The final phase of a vital conservation project at Furness Abbey in Cumbria will give visitors the opportunity to see the conservation work as it happens, English Heritage has announced today (Thursday 9 July). The £650,000 project will be the next step in a ten year programme of maintenance, investigation, monitoring and testing, to ensure the long term stability and safety of Furness Abbey’s presbytery, as well as the conservation of three other highly significant areas of the site, including the West Tower, East range and Infirmary.
The works, which will commence towards the end of summer 2020 and take approximately 12 months to complete, represent the latest in a series of interventions to address issues with the structural stability of the abbey’s presbytery.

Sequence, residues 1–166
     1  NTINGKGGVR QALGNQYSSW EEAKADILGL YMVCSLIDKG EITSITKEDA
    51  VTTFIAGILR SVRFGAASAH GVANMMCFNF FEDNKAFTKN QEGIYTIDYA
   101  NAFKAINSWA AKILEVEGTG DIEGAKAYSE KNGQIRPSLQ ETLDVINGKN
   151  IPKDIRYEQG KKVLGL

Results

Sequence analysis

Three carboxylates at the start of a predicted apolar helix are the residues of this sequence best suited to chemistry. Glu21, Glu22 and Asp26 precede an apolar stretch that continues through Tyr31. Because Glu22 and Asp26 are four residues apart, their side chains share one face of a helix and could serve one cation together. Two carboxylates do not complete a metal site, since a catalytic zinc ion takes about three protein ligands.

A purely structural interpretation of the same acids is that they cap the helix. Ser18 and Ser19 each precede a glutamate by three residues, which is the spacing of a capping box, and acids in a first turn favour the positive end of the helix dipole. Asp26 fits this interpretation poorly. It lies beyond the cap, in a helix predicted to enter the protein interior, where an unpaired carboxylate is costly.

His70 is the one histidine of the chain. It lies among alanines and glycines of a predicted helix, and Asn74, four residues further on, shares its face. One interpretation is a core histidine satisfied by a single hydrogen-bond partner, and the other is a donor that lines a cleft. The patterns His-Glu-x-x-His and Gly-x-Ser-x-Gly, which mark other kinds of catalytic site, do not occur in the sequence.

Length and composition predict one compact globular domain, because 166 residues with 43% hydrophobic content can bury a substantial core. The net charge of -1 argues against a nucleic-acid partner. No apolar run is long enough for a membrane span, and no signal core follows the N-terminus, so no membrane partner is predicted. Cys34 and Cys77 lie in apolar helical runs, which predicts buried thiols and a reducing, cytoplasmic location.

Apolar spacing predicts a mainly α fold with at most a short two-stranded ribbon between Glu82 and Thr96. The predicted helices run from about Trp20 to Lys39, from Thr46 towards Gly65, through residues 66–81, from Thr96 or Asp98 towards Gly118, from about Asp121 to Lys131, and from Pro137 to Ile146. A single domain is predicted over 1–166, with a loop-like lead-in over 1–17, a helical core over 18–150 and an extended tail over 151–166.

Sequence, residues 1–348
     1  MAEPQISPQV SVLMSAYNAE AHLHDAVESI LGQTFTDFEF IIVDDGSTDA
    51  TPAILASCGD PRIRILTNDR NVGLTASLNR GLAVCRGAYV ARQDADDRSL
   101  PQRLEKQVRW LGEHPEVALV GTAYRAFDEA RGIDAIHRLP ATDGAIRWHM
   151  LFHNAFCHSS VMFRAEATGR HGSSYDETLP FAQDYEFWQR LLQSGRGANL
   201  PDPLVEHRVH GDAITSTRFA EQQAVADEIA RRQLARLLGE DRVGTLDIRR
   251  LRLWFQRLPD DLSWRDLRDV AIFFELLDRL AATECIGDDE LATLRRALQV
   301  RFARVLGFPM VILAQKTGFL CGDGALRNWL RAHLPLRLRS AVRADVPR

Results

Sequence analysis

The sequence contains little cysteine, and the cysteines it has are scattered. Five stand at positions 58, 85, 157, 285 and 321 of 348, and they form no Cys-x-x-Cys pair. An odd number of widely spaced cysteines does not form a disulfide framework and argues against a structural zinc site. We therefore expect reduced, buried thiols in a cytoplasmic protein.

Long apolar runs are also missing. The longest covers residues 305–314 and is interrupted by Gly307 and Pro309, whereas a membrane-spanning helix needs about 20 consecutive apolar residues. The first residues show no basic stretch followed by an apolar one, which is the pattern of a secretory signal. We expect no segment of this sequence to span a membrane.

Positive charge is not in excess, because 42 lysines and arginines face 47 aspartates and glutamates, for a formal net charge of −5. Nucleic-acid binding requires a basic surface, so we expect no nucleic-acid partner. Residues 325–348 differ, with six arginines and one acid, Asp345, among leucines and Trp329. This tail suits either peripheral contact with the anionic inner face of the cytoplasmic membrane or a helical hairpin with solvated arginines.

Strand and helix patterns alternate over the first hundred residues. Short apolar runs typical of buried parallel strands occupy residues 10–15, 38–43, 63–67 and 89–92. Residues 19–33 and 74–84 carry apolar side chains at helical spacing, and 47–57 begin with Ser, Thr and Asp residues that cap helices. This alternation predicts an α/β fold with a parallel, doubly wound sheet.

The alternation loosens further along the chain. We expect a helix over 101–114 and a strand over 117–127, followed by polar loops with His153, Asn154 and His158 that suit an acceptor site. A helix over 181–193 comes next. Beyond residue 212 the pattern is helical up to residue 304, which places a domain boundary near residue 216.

A crack in the presbytery wall was first noticed in 2008 and the first phase of works involved the installation of a temporary steel cradle to ensure no further damage occurred. Archaeological excavation around the base of the structure followed to establish the cause of the problem and develop a solution. Between 2012 and 2015 underpinning work took place to the north, south and eastern walls of the Presbytery. Monitoring work followed to access the potential for further movement. Now, in what is hoped will be the final phase of conservation works, grout will be injected into the rubble-filled cavity between of the walls. This work will greatly increase the structure’s stability. Though further monitoring will need to take place, it is hoped that the works will ultimately lead to the removal of the steel cradle.